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(3/26/2013 4:48:45 AM)
RE:Massey Harris General Purpose Four Wheel Drive
Joe, Drew, Gary, JB,
Not sure what all the fuss is about really. It was simply a coincidental demonstration of the versatility, power, climbing ability and traction of an industrial GP.
There was no petrol in the tank and I wanted to move it in the shed. So I hitched my MF 165 to it with a steel pole and started to pull it along backwards. By misfortune I had left it in gear and it fired up running on what petrol was left in the carburettor. It was so strong that the 165 wouldn't hold it and I got slowly pushed along. It veered off to one side and climbed up the wheel of the 12-20 at which point the petrol in the carburettor ran out. Hardly any damage to either - the GP wheel just caught the 12-20 radiator shroud and bonnet a bit but only 10 minutes or so to straighetn them out.
All in all a very enlightening and eductational experience which I had the privelege of witnessing from high up on the 165. I was astonished at its pushing and climbing power. But there again these industrials are weighted down with cast center wheels which must weigh at least 600 lbs each. This particular tractor is a superb starter so that was proven too.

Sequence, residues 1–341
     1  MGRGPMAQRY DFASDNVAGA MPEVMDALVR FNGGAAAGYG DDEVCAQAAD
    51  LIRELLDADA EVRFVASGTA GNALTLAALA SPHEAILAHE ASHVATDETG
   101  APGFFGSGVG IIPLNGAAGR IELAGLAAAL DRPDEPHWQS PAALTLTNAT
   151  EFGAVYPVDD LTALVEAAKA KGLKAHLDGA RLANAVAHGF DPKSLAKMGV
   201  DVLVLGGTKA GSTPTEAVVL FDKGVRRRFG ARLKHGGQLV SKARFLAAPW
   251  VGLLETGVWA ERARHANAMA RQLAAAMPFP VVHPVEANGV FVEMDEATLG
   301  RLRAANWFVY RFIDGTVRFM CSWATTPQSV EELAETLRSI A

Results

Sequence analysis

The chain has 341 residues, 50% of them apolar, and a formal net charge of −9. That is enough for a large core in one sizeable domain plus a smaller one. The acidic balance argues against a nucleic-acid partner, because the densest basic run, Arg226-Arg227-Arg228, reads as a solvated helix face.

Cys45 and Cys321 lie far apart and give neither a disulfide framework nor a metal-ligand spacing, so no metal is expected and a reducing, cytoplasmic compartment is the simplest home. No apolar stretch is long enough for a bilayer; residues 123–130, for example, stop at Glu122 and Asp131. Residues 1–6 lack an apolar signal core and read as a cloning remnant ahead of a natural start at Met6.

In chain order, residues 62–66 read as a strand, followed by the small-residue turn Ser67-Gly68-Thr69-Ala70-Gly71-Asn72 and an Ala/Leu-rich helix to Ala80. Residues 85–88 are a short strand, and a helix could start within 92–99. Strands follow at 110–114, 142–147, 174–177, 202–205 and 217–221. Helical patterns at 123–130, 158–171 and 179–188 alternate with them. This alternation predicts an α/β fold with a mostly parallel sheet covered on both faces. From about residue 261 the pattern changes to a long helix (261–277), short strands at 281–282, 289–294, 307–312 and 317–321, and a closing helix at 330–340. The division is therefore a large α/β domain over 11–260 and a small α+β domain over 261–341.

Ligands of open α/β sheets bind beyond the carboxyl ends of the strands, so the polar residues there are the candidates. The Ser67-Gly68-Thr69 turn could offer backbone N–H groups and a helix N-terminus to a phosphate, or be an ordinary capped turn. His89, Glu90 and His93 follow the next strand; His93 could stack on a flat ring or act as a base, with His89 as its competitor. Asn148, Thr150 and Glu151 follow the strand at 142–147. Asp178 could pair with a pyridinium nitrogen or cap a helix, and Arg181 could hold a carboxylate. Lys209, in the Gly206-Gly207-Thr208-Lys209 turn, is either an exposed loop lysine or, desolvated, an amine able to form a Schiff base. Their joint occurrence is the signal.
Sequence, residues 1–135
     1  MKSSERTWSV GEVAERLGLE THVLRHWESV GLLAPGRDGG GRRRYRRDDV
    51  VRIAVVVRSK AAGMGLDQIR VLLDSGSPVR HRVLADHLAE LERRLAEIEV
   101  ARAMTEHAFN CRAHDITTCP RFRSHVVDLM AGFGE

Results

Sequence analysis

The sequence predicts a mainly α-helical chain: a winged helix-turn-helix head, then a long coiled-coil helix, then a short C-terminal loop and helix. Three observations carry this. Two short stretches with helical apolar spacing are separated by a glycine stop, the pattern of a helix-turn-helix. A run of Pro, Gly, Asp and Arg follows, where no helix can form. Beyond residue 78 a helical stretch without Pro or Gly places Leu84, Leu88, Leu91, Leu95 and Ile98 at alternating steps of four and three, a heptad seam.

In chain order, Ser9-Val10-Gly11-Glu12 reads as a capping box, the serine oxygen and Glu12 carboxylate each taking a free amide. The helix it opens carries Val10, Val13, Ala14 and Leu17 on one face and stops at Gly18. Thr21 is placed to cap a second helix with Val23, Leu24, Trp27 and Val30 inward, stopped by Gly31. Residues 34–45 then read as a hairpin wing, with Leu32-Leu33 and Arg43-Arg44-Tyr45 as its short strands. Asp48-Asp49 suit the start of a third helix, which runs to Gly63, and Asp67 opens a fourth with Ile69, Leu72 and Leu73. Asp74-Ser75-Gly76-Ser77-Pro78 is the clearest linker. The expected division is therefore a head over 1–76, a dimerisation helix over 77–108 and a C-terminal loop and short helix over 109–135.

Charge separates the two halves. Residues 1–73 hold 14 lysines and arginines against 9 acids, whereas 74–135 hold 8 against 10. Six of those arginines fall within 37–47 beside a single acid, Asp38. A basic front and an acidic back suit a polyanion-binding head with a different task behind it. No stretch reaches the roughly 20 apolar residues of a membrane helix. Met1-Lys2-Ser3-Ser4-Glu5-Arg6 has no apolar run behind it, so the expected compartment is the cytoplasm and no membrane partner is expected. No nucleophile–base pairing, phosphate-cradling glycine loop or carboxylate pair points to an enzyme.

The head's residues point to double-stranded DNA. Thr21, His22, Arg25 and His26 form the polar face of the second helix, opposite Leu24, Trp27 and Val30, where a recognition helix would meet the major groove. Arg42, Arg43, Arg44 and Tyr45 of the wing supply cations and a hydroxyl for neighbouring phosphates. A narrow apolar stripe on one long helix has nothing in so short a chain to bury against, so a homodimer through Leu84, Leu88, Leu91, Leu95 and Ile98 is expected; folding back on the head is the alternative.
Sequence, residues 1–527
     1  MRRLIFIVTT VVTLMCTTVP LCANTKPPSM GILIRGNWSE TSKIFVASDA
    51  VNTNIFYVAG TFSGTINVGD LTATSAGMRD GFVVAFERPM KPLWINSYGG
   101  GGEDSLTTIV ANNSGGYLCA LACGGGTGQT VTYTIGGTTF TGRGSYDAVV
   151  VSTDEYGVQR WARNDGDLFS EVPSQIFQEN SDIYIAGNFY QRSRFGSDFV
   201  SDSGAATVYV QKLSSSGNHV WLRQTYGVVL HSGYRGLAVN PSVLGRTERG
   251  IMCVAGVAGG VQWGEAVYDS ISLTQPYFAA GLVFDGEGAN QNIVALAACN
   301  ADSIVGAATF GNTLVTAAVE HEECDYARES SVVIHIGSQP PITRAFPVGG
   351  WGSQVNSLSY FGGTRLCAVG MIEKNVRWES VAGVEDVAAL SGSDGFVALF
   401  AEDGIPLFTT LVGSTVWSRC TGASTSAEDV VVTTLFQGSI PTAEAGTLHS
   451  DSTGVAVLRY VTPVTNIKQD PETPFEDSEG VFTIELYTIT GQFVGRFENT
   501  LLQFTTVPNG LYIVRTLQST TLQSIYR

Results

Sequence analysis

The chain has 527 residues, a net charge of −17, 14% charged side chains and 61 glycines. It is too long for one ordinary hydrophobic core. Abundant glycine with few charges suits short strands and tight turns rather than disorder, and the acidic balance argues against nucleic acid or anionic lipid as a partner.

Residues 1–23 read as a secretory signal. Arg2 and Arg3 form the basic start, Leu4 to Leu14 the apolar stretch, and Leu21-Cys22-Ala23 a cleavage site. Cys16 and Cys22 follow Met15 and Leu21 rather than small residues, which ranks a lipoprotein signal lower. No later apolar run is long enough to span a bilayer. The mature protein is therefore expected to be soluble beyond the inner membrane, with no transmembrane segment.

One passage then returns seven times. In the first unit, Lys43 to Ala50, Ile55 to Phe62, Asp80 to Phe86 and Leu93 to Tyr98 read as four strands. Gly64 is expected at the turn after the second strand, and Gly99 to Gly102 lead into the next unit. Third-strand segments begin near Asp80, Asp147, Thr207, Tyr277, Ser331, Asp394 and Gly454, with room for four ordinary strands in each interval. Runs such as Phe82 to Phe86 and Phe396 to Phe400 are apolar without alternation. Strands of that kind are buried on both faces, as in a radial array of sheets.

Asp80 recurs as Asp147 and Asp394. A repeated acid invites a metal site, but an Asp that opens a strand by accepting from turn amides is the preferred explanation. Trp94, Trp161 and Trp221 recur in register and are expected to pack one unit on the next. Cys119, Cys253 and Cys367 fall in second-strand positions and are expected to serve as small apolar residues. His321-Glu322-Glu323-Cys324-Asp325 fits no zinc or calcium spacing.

A unique and pleasurable - and lucky! - experience. It is the only GP industrial known to have performed such a feat. I can see why they were used on shunting tasks.
I bought this GP from Ken Reichert's sale in Ontario a few years ago. It had had a distinguished history at the Tornto Maple Leaf Ice Hockey club where it was sold new to in 1933 by Purc McMaster (of book fame) and who only died a very few years ago at over 100 years old. It is one of only two known surviving industrial GPs with a 50 inch tread. It is different to the agricultural GPs in that it was only ever sold on rubbers and the tread is measured on these. On agricultural tractors the tread ratings are always on steel wheels and do not apply if rubber wheels are fitted - they are then wider.
However beware some agriculturals have been fitted with these cast center wheels and are often considered to be industrials. They are not - always look at the serial number plate for the track width designation. Also the industrials have front hitch points for snow ploughs etc which are not present on agriculturals.
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